Manny Pacquiao Loses Maybe His Last Fight Ever To Yordenis Ugas



Manny Pacquiao Loses Maybe His Last Fight Ever To Yordenis Ugas

The all-time great from the Philippines, edging ever closer to making politics his full-time grind, came to the T-Mobile in Las Vegas to again remind everyone of his greatness.  Manny Pacquiao (67-7-2) faced WBA Welterweight Champion Yordenis Ugas (27-0) to prove that, as it was two years ago, age is but a number.

Father Time, be patient with this one, he’s different. Senator, near future President of his nation, he’s built totally different.

That was a summation of wide-spread thinking of Pacmaniacs, fans who adore his disarming smile and commitment to being a compassionate role model in any community he’s in. It wasn’t much considered that maybe 42 wouldn’t feel like 40.

After a solid start, Manny dipped. He didn’t find that next gear and Ugas’ right hand slammed Manny backward repeatedly. The reflexes had dimmed a bit, and the judges saw it—-Steve Weisfeld and Dave Moretti deemed it 116-112 while Patricia Morse Jarman scratched out 115-113, for the Cuban Ugas.

Here is how it unfolded on Saturday night.

Upon the announcement of Manny Pacquiao coming into the ring, 17,438 people were in attendance screaming his name, craning necks to get a glimpse of the Senator. The arena went absolutely nuts once he made it to the ring and showed off that multi-million dollar smile he is famously known for throughout the world. After all of the introductions, it was fight time.

This fight was won by Ugas in the first round. There was a moment when Ugas landed his first looping right hand and it caught Manny's attention instantaneously. Manny was really cautious for the rest of the round but did manage to throw some flurries in an effort to steal the round.

While both men stood up for the second round and began to work, it was Ugas who was using his left jab effectively and started to land that looping right hand even more. Pacquiao was studying, processing the data because that is what a legend in the sport does and surely he would figure this out, right?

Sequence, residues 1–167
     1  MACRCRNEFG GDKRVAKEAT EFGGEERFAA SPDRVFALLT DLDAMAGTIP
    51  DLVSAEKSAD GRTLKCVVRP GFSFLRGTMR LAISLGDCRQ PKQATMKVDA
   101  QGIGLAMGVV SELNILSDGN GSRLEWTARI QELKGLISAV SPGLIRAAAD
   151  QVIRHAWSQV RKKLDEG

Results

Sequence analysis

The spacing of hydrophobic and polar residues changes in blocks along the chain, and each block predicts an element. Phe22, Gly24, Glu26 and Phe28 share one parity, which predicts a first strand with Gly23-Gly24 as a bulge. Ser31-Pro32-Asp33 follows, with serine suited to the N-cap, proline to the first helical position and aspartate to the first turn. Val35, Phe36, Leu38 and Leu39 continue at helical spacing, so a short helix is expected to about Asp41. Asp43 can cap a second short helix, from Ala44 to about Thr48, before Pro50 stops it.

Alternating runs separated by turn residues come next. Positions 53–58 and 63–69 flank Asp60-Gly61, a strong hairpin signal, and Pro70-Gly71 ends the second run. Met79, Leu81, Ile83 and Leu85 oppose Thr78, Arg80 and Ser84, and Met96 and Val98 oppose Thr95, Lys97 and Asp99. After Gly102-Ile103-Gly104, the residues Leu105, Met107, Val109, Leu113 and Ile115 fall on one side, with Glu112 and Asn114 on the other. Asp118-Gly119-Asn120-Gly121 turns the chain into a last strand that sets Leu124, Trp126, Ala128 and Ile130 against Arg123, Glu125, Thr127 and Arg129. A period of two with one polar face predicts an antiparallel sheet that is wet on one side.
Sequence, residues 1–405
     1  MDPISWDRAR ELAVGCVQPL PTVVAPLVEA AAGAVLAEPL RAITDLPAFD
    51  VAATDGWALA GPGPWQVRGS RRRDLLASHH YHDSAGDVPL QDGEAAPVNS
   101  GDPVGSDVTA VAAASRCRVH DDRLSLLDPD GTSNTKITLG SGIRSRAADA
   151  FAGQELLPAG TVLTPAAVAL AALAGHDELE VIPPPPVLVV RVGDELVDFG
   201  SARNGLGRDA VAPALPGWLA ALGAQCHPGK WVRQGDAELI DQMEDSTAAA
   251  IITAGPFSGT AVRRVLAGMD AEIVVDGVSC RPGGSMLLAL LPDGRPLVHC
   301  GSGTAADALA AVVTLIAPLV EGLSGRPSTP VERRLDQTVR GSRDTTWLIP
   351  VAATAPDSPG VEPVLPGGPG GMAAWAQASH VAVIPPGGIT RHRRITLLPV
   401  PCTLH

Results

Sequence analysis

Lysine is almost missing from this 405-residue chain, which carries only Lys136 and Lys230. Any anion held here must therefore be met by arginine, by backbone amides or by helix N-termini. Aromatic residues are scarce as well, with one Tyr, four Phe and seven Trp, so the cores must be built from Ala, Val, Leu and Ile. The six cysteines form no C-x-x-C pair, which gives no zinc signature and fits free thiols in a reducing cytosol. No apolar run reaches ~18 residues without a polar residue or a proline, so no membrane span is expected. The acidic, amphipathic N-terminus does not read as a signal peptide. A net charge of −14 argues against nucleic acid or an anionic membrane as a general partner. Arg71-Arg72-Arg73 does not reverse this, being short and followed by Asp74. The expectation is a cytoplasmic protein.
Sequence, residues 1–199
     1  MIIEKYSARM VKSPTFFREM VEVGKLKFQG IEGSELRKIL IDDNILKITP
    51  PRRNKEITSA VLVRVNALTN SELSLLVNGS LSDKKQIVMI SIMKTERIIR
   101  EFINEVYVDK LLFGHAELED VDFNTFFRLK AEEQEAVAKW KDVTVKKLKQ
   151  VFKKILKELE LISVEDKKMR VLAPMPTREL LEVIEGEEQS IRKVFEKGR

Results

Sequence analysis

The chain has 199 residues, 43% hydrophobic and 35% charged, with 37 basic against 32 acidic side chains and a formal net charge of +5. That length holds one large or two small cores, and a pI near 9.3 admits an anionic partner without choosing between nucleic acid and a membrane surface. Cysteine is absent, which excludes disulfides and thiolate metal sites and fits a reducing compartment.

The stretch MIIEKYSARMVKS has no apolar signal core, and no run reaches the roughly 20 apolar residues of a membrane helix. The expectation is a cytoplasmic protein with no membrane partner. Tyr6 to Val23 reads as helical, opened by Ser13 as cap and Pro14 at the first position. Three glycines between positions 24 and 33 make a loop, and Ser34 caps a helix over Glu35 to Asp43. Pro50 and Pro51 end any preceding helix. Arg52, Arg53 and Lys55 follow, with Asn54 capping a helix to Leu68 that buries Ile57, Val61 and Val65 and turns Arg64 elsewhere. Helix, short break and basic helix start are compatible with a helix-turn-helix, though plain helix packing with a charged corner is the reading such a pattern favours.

Manny came out in the fourth round and still was not as active as we normally see from him while Ugas was landing the looping right hand at will.

Things started to become a concern for wife Jinkee in the VIP row when we approached the sixth round and Pacquiao wasn't able to get started. He had a puzzled look on his face or maybe it was frustration as Ugas continued to land the cleaner shots and dominated when it came to ring generalship.

More of the same in the eight, ninth rounds and you could feel it in the air that this Manny Pacquiao is the 42 year old that hasn't fought in two years. Thats when the concern started making its way throughout the arena. Fans started to realize that he wasn't going to be pulling a rabbit out of the hat in Las Vegas, would not make like Chris Angel and shock, amaze and thrill watchers.

The fight went all twelve rounds and there was plenty people wondering if the judges were going to give it to the Senator one last time. The scorecards at press row ranged from Manny winning wide to Ugas winning by a narrow margin.

Jimmy Lennon announced that it is a unanimous decision. Then he read the following scorecards… 115-113, 116-112 and 116-112 all for the winner, Yordenis Ugas.

What's Next/Final Thoughts

We have seen the last of Manny Pacquiao and that's ok. He's had a tremendous career and one that will be discussed for years to come. Manny will be considered one of the greatest fighters of all time and recalled into the next century as a compelling and impressive international figure.

It’s hard to see how there could be a mix of attributes like Pacquiao’s package—and if he runs for and claims the Presidency, well, his legend grows another level.

What happens with Yordenis Ugas? I think he fights Keith Thurman as that seems to be the logical next move for the PBC. The winner of that fight will face Errol Spence Jr. in late 2022,  which keeps Spence Jr and Crawford from fighting next year.

You can follow me on Twitter @abeg718 and follow @nyfights on Instagram

Born and raised in the Bronx, New York City, Abe grew up in a family who were and still are die-hard boxing fans. He started contributing boxing articles to NYF in 2017. Abe through his hard work, has made his way up the ranks and is now the editor at NYFights. He is also a member of the Boxing Writers Association of America (BWAA).